November 23, 2016

Autumn Statement increases taxes on salary sacrifice and freezes fuel duty

Final Autumn Statement as Budget switches to later in the year

Chancellor Philip Hammond delivered his first – and last – Autumn Statement in an attempt to create an economy that works for everyone. But several of the measures announced will inevitably mean that it works less well for some than others.

The Chancellor also revealed for the first time the cost of Brexit to the country in terms of lower productivity and slower economic growth which would mean that borrowing over the next five years would need to be an extra £122bn.

The Autumn Statement will now be abolished to be replaced by an Autumn Budget Statement and a much more low-key announcement in the spring in response to the Office of Budget Responsibility. “A reform that was long overdue and in line with best practice in other parts of the world,” the Chancellor said.

Major changes to salary sacrifice

One of the most far-reaching changes the Chancellor announced was to salary sacrifice schemes, which have proliferated throughout both public and private sectors in recent years.

The Chancellor said that such schemes had led to some employees paying less tax than their colleagues, which was not fair.

As a result, those opting to take benefits through salary sacrifice would, from April, pay the same tax as if they had been provided through their cash income, a move set to raise an extra £85m in taxes during the 2017/18 tax year.

This would then increase to an extra £235m per year in the 2018/19, 2019/20 and 2020/21 financial years in terms of increased tax revenues.

There were exceptions to this new rule, however, and exempt from the changes were ultra low emission vehicles (ULEVs), pension savings, childcare vouchers and cycle to work schemes.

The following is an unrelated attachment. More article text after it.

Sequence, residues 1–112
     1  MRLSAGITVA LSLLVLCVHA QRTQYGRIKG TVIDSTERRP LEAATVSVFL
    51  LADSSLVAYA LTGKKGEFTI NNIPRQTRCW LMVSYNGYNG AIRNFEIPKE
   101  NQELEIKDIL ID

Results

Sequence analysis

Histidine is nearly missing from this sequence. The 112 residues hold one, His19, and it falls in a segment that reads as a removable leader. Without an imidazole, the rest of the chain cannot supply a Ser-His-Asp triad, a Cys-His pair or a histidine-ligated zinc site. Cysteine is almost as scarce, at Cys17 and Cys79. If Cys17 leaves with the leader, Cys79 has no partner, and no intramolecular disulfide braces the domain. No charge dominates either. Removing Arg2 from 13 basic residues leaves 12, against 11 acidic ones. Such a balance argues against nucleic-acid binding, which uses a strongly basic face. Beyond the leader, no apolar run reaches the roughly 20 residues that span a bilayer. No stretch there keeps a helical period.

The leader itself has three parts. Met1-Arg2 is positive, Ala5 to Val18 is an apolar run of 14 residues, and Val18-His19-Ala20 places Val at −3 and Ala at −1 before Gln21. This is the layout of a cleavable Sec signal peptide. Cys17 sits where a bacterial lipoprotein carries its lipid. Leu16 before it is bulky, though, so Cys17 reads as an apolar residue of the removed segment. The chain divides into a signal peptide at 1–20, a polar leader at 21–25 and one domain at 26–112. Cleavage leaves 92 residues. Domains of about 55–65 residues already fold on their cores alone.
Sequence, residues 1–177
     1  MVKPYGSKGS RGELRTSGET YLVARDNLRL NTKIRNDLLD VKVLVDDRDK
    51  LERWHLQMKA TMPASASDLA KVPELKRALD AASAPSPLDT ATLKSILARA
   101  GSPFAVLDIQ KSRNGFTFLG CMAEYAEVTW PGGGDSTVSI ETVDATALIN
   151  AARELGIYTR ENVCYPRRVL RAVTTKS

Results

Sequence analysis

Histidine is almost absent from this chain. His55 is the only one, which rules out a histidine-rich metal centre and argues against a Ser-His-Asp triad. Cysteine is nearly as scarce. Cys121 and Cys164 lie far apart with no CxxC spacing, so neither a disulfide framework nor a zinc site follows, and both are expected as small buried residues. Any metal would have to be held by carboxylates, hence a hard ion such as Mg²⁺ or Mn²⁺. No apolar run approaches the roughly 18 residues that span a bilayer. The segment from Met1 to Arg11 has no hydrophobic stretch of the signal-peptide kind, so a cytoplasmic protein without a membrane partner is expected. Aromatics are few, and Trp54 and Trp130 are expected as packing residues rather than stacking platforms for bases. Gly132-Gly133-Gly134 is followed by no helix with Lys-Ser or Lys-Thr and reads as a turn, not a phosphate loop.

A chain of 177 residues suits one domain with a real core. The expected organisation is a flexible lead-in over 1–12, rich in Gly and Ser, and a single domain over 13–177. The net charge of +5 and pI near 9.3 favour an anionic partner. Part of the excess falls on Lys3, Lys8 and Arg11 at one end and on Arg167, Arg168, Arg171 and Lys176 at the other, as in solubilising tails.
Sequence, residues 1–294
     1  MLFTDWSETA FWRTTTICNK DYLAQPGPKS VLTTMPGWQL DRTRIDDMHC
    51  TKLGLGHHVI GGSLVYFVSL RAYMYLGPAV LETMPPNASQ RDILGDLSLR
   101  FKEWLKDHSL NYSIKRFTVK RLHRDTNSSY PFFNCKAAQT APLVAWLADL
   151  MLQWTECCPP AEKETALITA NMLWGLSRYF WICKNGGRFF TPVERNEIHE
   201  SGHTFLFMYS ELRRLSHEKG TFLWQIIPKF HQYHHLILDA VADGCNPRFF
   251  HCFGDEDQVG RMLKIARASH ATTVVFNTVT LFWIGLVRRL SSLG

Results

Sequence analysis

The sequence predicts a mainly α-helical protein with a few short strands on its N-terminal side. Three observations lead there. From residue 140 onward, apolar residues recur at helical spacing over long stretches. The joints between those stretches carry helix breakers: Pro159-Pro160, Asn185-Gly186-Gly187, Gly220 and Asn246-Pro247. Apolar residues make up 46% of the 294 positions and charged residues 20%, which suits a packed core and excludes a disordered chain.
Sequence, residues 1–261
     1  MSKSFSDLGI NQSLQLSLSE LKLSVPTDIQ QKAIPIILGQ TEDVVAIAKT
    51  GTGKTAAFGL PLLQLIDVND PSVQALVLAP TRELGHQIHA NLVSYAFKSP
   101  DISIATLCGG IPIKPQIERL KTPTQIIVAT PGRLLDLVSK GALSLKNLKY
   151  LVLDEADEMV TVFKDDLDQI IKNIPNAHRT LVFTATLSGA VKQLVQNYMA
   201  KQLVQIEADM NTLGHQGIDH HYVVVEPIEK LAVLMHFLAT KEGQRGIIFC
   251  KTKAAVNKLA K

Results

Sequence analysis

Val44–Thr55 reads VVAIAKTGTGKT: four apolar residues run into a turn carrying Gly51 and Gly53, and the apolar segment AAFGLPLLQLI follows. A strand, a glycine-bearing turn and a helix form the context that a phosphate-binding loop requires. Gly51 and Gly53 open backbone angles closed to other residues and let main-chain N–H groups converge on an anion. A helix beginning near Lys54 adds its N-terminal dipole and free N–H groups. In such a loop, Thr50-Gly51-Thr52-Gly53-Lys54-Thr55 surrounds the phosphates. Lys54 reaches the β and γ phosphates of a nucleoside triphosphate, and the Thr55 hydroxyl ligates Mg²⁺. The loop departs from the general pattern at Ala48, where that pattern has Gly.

Arrangements in place before April 2017 will be protected until April 2018, and arrangements for cars, accommodation and school fees will be protected until April 2021.

What are ULEVs?

The Government defines (ULEVs) as cars or vans with tailpipe CO2 emissions of 75 g/km or less.

At last year’s Autumn Statement, then Chancellor George Osborne announced that the Government was putting aside £600m to support the market and manufacturing of ultra-low emission vehicles with a target of 25% of European EVs being built in the UK.

This was part of the Government’s commitment to continue towards 100% zero emission vehicle sales by 2040. The investment was said to save 65 million tonnes of carbon, as well as helping with air quality issues.

The new rules on salary sacrifice are likely to give a further boost to such low-emitting vehicles, which is very much in the Government’s interests, although choice at the moment is still limited.

What will it mean for salary sacrifice car schemes?

Existing schemes are protected for four years and there are growing numbers of vehicles with CO2 emissions of 75g/km, which are only going to increase over time.

So while it is not the news that the fleet industry would necessarily want, it still means that those with existing arrangements can enjoy them for a further four years before switching perhaps to an even lower emission vehicle.